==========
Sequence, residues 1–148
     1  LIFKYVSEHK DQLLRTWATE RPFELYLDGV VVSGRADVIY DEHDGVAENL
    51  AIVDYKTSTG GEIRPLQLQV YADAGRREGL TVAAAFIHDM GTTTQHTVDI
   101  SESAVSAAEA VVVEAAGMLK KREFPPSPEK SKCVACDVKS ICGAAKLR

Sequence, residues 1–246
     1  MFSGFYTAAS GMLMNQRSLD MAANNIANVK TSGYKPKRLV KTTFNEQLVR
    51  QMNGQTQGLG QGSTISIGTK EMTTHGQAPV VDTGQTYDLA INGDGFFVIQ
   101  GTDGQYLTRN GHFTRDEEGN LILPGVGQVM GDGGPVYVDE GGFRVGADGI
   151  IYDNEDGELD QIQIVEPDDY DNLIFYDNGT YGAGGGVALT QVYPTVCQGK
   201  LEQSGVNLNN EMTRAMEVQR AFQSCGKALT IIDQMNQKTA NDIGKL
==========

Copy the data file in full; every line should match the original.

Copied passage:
Sequence, residues 1–148
     1  LIFKYVSEHK DQLLRTWATE RPFELYLDGV VVSGRADVIY DEHDGVAENL
    51  AIVDYKTSTG GEIRPLQLQV YADAGRREGL TVAAAFIHDM GTTTQHTVDI
   101  SESAVSAAEA VVVEAAGMLK KREFPPSPEK SKCVACDVKS ICGAAKLR

Sequence, residues 1–246
     1  MFSGFYTAAS GMLMNQRSLD MAANNIANVK TSGYKPKRLV KTTFNEQLVR
    51  QMNGQTQGLG QGSTISIGTK EMTTHGQAPV VDTGQTYDLA INGDGFFVIQ
   101  GTDGQYLTRN GHFTRDEEGN LILPGVGQVM GDGGPVYVDE GGFRVGADGI
   151  IYDNEDGELD QIQIVEPDDY DNLIFYDNGT YGAGGGVALT QVYPTVCQGK
   201  LEQSGVNLNN EMTRAMEVQR AFQSCGKALT IIDQMNQKTA NDIGKL